Councillor Josh Matlow

Toronto needs reasonable parking laws

September 2013

Post City Magazine

Josh Matlow – Ward 22 Councillor

 

Every public, taxpayer-funded service should have a clear public benefit. To most residents, this statement seems obvious in relation to our parks and transit system, but less so when it comes to parking enforcement.

 

It often seems as if the police issue tickets for the slightest infraction on a quiet neighbourhood street simply in order to fatten the city’s coffers. Yet parking enforcement is rarely seen during rush hours on our main streets when a vehicle is parked illegally on a curb lane. That’s why I brought a motion to city council this summer requesting a common sense approach to parking enforcement.

 

Some infractions do not warrant the same level of enforcement as others. Quiet streets with surplus spots pose less of a problem than a street with a dearth of spots. And an illegally parked car or stopped delivery vehicle on an arterial road can delay thousands of drivers.

 

I believe parking enforcement should focus more on the interest of keeping traffic moving rather than penalizing residents who may be slightly late getting back to their car.

 

This is part of a comprehensive approach I’m taking to make sense of Toronto’s parking enforcement. Other related initiatives I’ve been successful in approving at council include raising fines for vehicles stopped in curb lanes during rush hour, exploring a ban on commercial vehicles making deliveries during peak periods, and moving forward with signal synchronization.

 

With the tools available to us now, we must apply common sense and thoughtfulness to how we use our limited resources.

 

Parking enforcement is one place to start.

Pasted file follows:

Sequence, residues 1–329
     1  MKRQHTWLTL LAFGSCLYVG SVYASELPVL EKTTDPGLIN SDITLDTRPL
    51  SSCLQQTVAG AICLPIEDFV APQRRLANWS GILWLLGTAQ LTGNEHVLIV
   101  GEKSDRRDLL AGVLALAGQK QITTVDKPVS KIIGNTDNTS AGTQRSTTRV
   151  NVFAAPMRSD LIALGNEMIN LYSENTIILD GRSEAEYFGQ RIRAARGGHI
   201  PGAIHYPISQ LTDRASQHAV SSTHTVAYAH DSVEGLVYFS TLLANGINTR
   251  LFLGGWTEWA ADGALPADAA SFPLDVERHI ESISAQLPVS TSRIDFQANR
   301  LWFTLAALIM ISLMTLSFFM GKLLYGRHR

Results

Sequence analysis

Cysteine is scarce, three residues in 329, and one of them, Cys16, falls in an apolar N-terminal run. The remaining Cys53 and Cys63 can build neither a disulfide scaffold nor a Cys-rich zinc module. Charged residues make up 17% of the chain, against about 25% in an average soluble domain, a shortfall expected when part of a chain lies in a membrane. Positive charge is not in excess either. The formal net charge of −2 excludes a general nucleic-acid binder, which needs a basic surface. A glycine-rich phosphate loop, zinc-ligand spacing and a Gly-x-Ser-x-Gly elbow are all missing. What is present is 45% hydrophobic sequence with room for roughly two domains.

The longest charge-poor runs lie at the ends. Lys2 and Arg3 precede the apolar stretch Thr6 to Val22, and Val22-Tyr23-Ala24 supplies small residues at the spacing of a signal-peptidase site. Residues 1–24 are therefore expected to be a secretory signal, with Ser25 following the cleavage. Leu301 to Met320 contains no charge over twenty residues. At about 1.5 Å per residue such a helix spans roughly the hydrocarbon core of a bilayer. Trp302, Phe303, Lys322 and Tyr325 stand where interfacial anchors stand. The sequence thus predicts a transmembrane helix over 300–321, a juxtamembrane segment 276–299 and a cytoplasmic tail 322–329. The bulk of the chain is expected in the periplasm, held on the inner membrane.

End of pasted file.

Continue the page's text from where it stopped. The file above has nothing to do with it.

This article appears in the September 2013 issue of Post City Magazines

To read this article on Post City’s website, click here.

2013-11-06T14:38:39+00:00

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September 2013

Post City Magazine

Josh Matlow – Ward 22 Councillor

 

Every public, taxpayer-funded service should have a clear public benefit. To most residents, this statement seems obvious in relation to our parks and transit system, but less so when it comes to parking enforcement.

 

It often seems as if the police issue tickets for the slightest infraction on a quiet neighbourhood street simply in order to fatten the city’s coffers. Yet parking enforcement is rarely seen during rush hours on our main streets when a vehicle is parked illegally on a curb lane. That’s why I brought a motion to city council this summer requesting a common sense approach to parking enforcement.

 

Some infractions do not warrant the same level of enforcement as others. Quiet streets with surplus spots pose less of a problem than a street with a dearth of spots. And an illegally parked car or stopped delivery vehicle on an arterial road can delay thousands of drivers.

 

I believe parking enforcement should focus more on the interest of keeping traffic moving rather than penalizing residents who may be slightly late getting back to their car.

 

This is part of a comprehensive approach I’m taking to make sense of Toronto’s parking enforcement. Other related initiatives I’ve been successful in approving at council include raising fines for vehicles stopped in curb lanes during rush hour, exploring a ban on commercial vehicles making deliveries during peak periods, and moving forward with signal synchronization.

 

With the tools available to us now, we must apply common sense and thoughtfulness to how we use our limited resources.

 

Parking enforcement is one place to start.

 

This article appears in the September 2013 issue of Post City Magazines

To read this article on Post City’s website, click here.

2013-11-06T14:38:39+00:00

Leave A Comment

Please leave a message of support for residents and frontline staff.

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